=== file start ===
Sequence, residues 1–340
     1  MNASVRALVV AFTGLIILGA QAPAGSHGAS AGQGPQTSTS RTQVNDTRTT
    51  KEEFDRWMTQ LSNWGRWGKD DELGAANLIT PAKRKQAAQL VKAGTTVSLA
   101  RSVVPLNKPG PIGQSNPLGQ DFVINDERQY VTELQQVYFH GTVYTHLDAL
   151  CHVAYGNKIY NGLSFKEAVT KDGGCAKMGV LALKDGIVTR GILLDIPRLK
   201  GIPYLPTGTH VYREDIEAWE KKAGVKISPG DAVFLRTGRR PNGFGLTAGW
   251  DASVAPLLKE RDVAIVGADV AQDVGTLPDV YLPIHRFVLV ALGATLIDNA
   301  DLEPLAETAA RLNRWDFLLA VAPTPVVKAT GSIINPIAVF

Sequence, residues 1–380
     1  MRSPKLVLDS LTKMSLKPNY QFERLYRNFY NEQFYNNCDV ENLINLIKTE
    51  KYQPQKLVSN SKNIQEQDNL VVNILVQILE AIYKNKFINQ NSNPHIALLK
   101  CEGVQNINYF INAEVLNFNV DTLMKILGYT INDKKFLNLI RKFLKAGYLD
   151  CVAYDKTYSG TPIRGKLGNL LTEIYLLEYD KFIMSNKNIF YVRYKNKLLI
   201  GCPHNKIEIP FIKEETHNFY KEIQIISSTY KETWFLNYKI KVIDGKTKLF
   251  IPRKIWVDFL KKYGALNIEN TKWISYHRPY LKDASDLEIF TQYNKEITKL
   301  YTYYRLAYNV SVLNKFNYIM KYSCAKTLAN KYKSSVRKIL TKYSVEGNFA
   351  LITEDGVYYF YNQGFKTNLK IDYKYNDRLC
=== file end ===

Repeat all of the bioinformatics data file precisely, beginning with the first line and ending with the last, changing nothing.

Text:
Sequence, residues 1–340
     1  MNASVRALVV AFTGLIILGA QAPAGSHGAS AGQGPQTSTS RTQVNDTRTT
    51  KEEFDRWMTQ LSNWGRWGKD DELGAANLIT PAKRKQAAQL VKAGTTVSLA
   101  RSVVPLNKPG PIGQSNPLGQ DFVINDERQY VTELQQVYFH GTVYTHLDAL
   151  CHVAYGNKIY NGLSFKEAVT KDGGCAKMGV LALKDGIVTR GILLDIPRLK
   201  GIPYLPTGTH VYREDIEAWE KKAGVKISPG DAVFLRTGRR PNGFGLTAGW
   251  DASVAPLLKE RDVAIVGADV AQDVGTLPDV YLPIHRFVLV ALGATLIDNA
   301  DLEPLAETAA RLNRWDFLLA VAPTPVVKAT GSIINPIAVF

Sequence, residues 1–380
     1  MRSPKLVLDS LTKMSLKPNY QFERLYRNFY NEQFYNNCDV ENLINLIKTE
    51  KYQPQKLVSN SKNIQEQDNL VVNILVQILE AIYKNKFINQ NSNPHIALLK
   101  CEGVQNINYF INAEVLNFNV DTLMKILGYT INDKKFLNLI RKFLKAGYLD
   151  CVAYDKTYSG TPIRGKLGNL LTEIYLLEYD KFIMSNKNIF YVRYKNKLLI
   201  GCPHNKIEIP FIKEETHNFY KEIQIISSTY KETWFLNYKI KVIDGKTKLF
   251  IPRKIWVDFL KKYGALNIEN TKWISYHRPY LKDASDLEIF TQYNKEITKL
   301  YTYYRLAYNV SVLNKFNYIM KYSCAKTLAN KYKSSVRKIL TKYSVEGNFA
   351  LITEDGVYYF YNQGFKTNLK IDYKYNDRLC